New Protections for Homeowners

Consumers Digest quoted me in Protections Coming for Homeowners. It opens,

New rules that cover mortgage servicing aren’t dramatic, but they should help certain consumers, experts say. In August 2016, Consumer Financial Protection Bureau finalized rules that focus on foreclosure protections and delinquencies.

“These changes are more at the margins,” says David Reiss, who is a law professor at Brooklyn Law School. “It’s looking at normal situations that occur and adding protections for consumers.”

The new rules, which are expected to take effect by 2018, would prevent dual tracking. Dual tracking is when foreclosure proceedings start while a homeowner who is current on his/her mortgage awaits a decision about a request to work with the loan servicer to avoid foreclosure. (This request is known as loss mitigation.)

In addition, borrowers who are current on their mortgage since a prior loss-mitigation application can avoid foreclosure by having their application reviewed again if they have unexpected financial difficulties. Loan servicers also have to notify borrowers when a loss-mitigation application is complete. Finally, if a borrower is in foreclosure and his/her loan is transferred to another servicer, he/she won’t have to restart the loss-mitigation application process with the new servicer.

The Sloppy State of the Mortgage Market

photo by Badagnani

I published a short article in the California Real Property Law Reporter, Sloppy, Sloppy, Sloppy: The State of the Mortgage Market, as part of a broader discussion of Foreclosures Following Problematic Securitizations.  The other contributors were Roger Bernhardt, who organized the discussion,  as well as Dale Whitman, Steven Bender, April Charney and Joseph Forte.  My article opens,

Much of the discussion about the recent California Supreme Court case Yvanova v New Century Mortgage Corp. (2016) 62 C4th 919  has focused on the scope of the Court’s narrow holding, “a borrower who has suffered a nonjudicial foreclosure [in California] does not lack standing to sue for wrongful foreclosure based on an allegedly void assignment merely because he or she was in default on the loan and was not a party to the challenged assignment.” 62 C4th at 924. This is an important question, no doubt, but I want to spend a little time contemplating the types of sloppy behavior at issue in the case and what consequences should result from that behavior.

Sloppy Practices All Over

The lender in Yvanova was the infamous New Century Mortgage Corporation, once the second-largest subprime lender in the nation.  New Century was so infamous that it even had a cameo role in the recently released movie, The Big Short, in which its 2007 bankruptcy filing marked the turning point in the market’s understanding of the fundamentally diseased condition of the subprime market.

New Century was infamous for its “brazen” behavior.  The Final Report of the National Commission on the Causes of the Financial and Economic Crisis in the United States (Jan. 2011) (Report) labeled it so because of its aggressive origination practices.  See Report at page 186. It noted that New Century “ignored early warnings that its own loan quality was deteriorating and stripped power from two risk-control departments that had noted the evidence.” Report at p 157. And it quotes a former New Century fraud specialist as saying, “[t]he definition of a good loan changed from ‘one that pays’ to ‘one that could be sold.”  Report at p 105.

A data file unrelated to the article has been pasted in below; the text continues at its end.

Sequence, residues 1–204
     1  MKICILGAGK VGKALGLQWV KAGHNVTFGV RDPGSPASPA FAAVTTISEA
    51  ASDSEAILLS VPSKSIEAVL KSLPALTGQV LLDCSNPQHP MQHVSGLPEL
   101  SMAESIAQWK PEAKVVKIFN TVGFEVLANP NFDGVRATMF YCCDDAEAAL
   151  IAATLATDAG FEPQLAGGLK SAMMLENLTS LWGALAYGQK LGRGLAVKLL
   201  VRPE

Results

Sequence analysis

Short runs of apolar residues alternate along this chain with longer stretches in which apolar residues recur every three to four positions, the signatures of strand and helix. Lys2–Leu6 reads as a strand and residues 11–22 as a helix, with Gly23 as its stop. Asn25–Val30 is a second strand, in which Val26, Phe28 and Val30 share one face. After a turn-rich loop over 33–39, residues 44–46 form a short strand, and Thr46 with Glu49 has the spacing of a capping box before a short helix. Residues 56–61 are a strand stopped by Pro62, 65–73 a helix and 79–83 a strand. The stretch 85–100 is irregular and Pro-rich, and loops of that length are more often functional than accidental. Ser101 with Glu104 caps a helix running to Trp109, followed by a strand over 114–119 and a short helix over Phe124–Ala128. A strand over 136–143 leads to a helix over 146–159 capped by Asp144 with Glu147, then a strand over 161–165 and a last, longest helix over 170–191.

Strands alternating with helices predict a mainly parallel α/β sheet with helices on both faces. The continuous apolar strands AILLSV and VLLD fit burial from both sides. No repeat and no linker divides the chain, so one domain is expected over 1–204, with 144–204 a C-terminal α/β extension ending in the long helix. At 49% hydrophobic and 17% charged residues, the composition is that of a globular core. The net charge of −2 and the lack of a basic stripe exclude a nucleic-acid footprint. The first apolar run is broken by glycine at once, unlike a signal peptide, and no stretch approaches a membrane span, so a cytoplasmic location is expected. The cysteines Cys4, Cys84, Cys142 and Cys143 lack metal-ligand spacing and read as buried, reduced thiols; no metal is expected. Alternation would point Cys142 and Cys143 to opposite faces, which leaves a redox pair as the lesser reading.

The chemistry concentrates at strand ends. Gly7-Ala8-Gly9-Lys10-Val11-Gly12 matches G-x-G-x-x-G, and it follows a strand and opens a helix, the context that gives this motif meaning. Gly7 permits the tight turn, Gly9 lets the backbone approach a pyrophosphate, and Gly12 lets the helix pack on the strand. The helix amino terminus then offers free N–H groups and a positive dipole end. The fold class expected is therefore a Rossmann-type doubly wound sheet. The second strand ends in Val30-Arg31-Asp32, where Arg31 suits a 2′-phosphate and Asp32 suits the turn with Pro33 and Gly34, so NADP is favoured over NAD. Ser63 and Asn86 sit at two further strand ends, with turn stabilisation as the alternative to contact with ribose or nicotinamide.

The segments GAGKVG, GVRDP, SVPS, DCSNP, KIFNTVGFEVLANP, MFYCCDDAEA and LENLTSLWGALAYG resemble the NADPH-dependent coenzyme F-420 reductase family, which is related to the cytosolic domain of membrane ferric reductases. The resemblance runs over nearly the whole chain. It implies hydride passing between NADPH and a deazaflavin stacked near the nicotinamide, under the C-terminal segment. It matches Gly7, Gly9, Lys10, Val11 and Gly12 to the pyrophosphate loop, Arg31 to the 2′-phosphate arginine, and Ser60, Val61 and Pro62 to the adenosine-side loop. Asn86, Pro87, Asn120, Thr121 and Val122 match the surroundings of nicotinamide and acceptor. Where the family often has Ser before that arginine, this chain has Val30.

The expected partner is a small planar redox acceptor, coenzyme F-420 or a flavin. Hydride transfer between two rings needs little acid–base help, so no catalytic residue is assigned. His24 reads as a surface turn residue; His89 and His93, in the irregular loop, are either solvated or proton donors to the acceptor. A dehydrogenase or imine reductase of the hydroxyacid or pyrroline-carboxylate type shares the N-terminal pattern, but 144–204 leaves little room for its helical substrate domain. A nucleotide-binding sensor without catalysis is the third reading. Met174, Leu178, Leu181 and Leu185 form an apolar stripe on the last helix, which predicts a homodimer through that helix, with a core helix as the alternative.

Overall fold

This type of brazen behavior was endemic throughout the mortgage industry during the subprime boom in the early 2000s.  As Brad Borden and I have documented, Wall Street firms flagrantly disregarded the real estate mortgage investment conduit (REMIC) rules and regulations that must be complied with to receive favorable tax treatment for a mortgage-backed security, although the IRS has let them dodge this particular bullet.  Borden & Reiss, REMIC Tax Enforcement as Financial-Market Regulator, 16 U Penn J Bus L 663 (Spring 2014).

The sloppy practices were not limited to the origination of mortgages. They were prevalent in the servicing of them as well. The National Mortgage Settlement entered into in February 2012, by 49 states, the District of Columbia, and the federal government, on the one hand, and the country’s five largest mortgage servicers, on the other, provided for over $50 billion in relief for distressed borrowers and in payments to the government entities. While this settlement was a significant hit for the industry, industry sloppy practices were not ended by it. For information about the Settlement, see Joint State-Federal National Mortgage Servicing Settlements and the State of California Department of Justice, Office of the Attorney General, Mortgage Settlements: Homeowners.